Kiribati reviewed by the UPR: small but high-level delegation
Tuesday, 11 May 2010 17:23

On the afternoon of 3 May 2010, the Working Group on the UPR reviewed the human rights situation in Kirbati. The small but high-level delegation was headed by Mr Kouraiti Beniato, Minister of Internal and Social Affairs, and notably also included the Attorney General. The introductory statement of Kiribati openly admitted the challenges faced in the realisation of human rights for all its citizens. The Minister continually called for financial and technical support from the international community. Comments from the floor welcomed the open and self-critical approach of the national report, while recognising the financial and logistical difficulties faced by the small nation. States did not however refrain from reminding Kiribati of the need to live up to its obligations under the international human rights mechanisms to which it is already party. Specific recommendations and comments focused on issues including:

  • The status of women, including the extremely high prevalence of domestic abuse, lack of access to education, lack of rights to inheritance, and lack of the right to raise a child born out of wedlock.
  • The absence of gender as a prohibited grounds for discrimination within the Constitution, and an overall failure of domestic legislation to comply with the Convention on the Elimination of All forms of Discrimination Against Women.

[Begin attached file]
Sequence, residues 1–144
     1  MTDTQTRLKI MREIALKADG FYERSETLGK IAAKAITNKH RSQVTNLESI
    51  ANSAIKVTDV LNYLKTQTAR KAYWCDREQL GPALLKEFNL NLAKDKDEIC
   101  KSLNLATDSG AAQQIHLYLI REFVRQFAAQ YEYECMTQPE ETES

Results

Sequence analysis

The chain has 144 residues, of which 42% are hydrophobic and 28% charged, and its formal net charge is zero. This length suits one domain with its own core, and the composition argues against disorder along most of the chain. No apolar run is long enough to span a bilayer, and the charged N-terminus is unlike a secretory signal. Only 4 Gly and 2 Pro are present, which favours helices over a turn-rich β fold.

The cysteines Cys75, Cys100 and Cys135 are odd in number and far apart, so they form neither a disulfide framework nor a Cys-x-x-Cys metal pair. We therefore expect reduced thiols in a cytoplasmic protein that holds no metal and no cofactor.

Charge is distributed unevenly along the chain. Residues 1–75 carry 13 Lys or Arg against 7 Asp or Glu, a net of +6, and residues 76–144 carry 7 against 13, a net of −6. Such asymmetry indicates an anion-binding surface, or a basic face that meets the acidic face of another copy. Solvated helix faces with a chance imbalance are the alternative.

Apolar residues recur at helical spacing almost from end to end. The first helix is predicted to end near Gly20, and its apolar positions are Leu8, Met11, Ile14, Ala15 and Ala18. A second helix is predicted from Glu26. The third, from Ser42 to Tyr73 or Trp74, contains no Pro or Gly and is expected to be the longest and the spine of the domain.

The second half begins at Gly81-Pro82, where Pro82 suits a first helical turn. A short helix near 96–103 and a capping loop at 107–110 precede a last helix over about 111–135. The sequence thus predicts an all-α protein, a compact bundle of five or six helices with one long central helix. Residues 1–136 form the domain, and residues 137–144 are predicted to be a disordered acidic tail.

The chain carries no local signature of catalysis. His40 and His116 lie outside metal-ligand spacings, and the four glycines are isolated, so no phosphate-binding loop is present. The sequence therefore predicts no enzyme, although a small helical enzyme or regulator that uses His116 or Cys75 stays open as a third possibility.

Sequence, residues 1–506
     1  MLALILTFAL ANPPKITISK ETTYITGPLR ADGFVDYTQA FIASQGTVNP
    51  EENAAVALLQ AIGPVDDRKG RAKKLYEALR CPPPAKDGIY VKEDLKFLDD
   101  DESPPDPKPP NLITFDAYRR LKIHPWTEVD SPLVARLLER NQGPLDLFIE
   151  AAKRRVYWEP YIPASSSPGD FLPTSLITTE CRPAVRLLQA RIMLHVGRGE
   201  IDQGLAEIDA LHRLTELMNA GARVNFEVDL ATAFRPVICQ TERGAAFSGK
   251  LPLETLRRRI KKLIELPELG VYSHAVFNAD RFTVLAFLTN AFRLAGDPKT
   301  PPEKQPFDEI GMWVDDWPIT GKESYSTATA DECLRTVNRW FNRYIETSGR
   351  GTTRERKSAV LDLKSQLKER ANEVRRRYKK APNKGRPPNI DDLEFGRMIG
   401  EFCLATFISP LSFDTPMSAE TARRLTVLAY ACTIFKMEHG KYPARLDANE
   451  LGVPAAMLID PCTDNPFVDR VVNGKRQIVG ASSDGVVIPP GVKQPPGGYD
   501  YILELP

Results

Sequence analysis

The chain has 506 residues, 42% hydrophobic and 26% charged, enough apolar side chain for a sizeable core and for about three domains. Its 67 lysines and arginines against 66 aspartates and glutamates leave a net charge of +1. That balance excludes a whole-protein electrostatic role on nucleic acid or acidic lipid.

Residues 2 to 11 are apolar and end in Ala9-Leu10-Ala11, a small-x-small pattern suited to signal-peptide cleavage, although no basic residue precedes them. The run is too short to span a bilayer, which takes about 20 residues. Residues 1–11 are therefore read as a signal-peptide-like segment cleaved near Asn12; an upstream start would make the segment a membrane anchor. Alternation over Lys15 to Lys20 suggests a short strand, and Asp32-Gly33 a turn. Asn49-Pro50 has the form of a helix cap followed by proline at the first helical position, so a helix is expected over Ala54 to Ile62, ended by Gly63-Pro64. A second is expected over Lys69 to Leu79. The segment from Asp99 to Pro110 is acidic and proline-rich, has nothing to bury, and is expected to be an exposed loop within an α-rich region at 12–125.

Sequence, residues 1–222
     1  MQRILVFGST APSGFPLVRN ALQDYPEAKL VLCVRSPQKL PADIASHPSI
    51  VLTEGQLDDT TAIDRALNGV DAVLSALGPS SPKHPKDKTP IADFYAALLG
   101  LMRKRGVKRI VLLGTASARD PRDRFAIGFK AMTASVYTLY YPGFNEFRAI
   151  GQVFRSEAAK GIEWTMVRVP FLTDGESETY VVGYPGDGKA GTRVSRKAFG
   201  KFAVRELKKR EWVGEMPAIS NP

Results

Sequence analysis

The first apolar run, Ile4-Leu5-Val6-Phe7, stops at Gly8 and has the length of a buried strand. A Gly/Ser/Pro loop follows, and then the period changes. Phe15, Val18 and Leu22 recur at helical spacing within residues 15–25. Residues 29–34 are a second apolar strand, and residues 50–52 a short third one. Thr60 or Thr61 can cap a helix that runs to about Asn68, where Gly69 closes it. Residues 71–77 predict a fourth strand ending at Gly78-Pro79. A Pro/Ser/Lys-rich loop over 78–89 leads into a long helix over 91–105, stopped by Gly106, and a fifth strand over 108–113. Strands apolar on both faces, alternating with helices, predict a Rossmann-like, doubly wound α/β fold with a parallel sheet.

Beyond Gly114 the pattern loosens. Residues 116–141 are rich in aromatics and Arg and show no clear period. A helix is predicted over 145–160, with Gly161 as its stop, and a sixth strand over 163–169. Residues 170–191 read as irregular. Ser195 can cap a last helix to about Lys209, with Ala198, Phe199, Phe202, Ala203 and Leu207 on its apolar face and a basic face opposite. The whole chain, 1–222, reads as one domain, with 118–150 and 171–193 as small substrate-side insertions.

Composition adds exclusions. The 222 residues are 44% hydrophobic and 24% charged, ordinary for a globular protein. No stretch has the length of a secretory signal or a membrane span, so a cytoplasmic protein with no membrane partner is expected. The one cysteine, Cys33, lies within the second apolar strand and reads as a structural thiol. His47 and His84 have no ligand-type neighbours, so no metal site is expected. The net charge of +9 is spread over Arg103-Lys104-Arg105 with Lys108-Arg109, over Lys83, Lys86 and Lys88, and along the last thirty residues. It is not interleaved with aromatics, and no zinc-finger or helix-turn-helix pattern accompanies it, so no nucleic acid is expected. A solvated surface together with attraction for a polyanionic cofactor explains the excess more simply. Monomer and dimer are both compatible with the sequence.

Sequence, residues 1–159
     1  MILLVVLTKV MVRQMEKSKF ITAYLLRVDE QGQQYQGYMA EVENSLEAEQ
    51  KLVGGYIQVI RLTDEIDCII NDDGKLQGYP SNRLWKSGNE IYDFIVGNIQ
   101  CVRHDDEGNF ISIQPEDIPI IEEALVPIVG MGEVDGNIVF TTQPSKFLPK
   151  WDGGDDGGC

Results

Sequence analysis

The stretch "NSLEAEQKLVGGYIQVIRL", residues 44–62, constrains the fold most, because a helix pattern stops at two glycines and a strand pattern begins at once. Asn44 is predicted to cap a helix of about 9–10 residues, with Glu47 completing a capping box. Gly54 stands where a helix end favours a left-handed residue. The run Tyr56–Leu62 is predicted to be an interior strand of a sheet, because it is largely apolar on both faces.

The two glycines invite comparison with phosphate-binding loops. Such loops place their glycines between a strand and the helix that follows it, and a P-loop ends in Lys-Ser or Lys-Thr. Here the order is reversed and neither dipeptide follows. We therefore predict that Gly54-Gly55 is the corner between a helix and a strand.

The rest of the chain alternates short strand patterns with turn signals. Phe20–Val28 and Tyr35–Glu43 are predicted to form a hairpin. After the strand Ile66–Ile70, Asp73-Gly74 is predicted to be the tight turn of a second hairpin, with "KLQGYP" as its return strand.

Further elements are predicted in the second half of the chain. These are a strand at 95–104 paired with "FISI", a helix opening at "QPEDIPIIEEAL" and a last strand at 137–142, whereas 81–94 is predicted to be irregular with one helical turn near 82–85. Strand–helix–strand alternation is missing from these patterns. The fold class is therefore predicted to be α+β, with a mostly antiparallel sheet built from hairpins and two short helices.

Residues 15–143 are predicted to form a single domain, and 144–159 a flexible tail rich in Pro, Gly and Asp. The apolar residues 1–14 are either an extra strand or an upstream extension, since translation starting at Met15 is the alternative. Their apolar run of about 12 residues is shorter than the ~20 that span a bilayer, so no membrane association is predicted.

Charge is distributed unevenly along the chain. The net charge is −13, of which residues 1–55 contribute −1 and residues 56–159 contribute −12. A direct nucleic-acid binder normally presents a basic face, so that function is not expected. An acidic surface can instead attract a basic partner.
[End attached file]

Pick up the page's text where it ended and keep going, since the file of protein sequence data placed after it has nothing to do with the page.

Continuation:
• Rights of the child, including criminalising corporal punishment within the home, the fight against child prostitution, and bringing domestic legislation in line with the Convention on the Rights of the Child.
  • Declining quality of education, and calls for increased budgetary allocations for schools and additional training of teachers.
  • The establishment of a national human rights institution in line with the Paris Principles, possibly beginning with cooperation with other States at the regional level to allow for burden sharing.
  • Encouragement to ratify additional core human rights treaties and instruments, most specifically the International Covenant on Civil and Political Rights, and the International Covenant on Economic, Social, and Cultural Rights.

The delegation of Kiribati was generally responsive and open to questions, though repeatedly explained that constitutional reform was difficult due to the necessity of a two-thirds majority in a national referendum. The delegation also took every opportunity to call for both financial and technical assistance from the international community as it works to meet its human rights obligations, and struggles to deal with the effects of climate change.


On 5 May, the Working Group adopted the report on Kiribati. The State under review kept all recommendations pending until the adoption of the outcome by the Council, a practice which allows the Government to consider views of interested stakeholders prior to taking a final decision on which recommendations to accept. Notably, Kiribati thanked the Netherlands, the Permanent Mission of New Zealand and the Pacific Regional Rights Resource Team (RRRT) for their financial assistance and technical advice.

Last Updated on Wednesday, 25 August 2010 07:52
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